Authorities exercise and test their response to major incident in Harwich Haven

Tuesday, 22 May, 2018

Organisations tested their multi-agency response to a major incident in the waters around Harwich during a table-top exercise on Thursday, May 17.

Harwich Haven Authority, Tendring District Council, Hutchinson Ports (Harwich and Felixstowe) and the four blue light emergency services in Essex – Essex Police, Essex County Fire and Rescue Service, the East of England Ambulance Service and HM Coastguard – were among those taking part in Exercise Adler 2.

The exercise scenario saw a container ship leaving the Port of Felixstowe collide with a cruise ship coming into Harwich International Port.

Kevin Beacon, Deputy Harbour Master at Harwich Haven Authority, said: “I would like to thank everyone who took time out of their busy schedule to collaborate with us on Exercise Adler 2. 

“The Authority plays a critical role in ensuring safety of navigation in one of the UK’s most important trade gateways, which includes the UK’s busiest container terminal, the Port of Felixstowe. Therefore, it is vital we are prepared to deal with a major maritime incident.

“Many vessels visiting the Haven are in excess of 390 metres and therefore require expert management by both our pilotage and Vessel Traffic Services teams. Ships are getting bigger – indeed, during 2017 we safely navigated the world’s largest container ship the 400 metre OOCL Hong Kong into Port of Felixstowe.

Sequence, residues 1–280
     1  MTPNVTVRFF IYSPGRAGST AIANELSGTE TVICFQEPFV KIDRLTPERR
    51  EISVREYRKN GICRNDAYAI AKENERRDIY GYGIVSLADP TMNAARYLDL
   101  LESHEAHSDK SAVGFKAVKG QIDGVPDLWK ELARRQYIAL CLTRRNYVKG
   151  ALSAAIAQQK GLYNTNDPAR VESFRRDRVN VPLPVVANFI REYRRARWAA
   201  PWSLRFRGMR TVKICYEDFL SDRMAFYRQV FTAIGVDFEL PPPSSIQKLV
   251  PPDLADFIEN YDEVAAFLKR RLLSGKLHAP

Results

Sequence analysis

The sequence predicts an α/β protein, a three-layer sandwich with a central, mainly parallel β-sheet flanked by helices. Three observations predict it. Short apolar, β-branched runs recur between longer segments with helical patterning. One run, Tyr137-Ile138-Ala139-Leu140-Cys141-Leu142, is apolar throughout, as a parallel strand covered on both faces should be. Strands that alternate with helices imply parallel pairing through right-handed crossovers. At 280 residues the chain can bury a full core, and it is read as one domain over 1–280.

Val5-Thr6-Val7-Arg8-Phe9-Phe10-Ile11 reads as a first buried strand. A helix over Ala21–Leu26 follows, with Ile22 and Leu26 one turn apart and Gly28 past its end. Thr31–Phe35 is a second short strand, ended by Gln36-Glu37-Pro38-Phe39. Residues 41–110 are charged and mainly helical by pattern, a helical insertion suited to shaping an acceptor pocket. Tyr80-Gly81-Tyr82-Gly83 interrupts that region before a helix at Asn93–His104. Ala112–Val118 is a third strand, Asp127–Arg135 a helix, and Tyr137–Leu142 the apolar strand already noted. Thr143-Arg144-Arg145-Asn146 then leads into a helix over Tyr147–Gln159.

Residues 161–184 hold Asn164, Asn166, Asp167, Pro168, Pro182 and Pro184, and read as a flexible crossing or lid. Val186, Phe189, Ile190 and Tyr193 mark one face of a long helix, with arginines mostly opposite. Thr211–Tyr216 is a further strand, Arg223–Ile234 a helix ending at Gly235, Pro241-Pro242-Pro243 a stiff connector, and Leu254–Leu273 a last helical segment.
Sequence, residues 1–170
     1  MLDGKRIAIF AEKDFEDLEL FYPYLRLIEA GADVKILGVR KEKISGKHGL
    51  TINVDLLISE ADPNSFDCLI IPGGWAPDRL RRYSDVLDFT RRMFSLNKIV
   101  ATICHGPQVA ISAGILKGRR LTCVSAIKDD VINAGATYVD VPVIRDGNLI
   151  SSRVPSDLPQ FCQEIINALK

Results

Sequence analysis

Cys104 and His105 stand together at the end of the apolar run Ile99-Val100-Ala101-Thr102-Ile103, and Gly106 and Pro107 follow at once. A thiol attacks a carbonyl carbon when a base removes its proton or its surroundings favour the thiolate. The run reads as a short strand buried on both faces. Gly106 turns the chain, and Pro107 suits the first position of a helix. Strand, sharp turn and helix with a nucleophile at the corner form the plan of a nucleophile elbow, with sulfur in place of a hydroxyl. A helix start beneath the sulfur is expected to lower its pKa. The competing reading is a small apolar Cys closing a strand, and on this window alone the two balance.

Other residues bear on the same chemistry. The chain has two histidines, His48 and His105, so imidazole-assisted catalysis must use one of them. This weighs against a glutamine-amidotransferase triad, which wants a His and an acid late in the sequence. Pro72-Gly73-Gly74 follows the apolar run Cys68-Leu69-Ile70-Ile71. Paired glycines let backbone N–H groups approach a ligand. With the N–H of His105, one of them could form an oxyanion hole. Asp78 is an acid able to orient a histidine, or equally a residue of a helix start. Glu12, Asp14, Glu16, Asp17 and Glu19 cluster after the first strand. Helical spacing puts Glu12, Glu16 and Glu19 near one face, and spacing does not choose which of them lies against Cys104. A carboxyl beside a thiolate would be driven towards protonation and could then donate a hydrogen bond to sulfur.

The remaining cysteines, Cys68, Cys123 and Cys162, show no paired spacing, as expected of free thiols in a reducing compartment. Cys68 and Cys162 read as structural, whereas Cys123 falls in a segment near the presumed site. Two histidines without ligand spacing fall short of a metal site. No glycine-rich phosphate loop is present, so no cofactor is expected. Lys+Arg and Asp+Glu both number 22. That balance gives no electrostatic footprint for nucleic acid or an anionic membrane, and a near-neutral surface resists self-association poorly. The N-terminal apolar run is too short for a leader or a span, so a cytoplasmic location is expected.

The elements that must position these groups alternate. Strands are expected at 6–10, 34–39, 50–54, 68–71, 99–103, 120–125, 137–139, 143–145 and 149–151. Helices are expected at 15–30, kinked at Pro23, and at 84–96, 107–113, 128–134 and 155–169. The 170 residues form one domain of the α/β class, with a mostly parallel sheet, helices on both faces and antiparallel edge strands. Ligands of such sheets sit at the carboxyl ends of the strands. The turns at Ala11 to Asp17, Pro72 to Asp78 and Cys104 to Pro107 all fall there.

“Exercise Adler 2 provided us with an opportunity to further test our response planning with our multi-agency partners.”

Exercise Adler 2 will be followed by a salvage table-top exercise (Adler 3), before a large-scale live exercise Adler 4 in 2019.

Lynda McWilliams, Tendring District Council’s Cabinet Member responsible for Emergency Planning, said exercises such as Adler 2 allow organisations and emergency services to practise working together before an actual event.

“As well as testing our response to an incident and flagging up potential issues to be overcome, at a more basic level these exercises bring people from different bodies together to get to know each other, and to improve understanding of how each group can work together to deal with something if it happens,” she added.

“I was glad to hear how well Exercise Adler 2 went, and look forward to all those involved continuing to work together in the future – hopefully never having to deal with an incident such as that posed in the exercise.”

Last updated on: 22/05/2018 - 11:20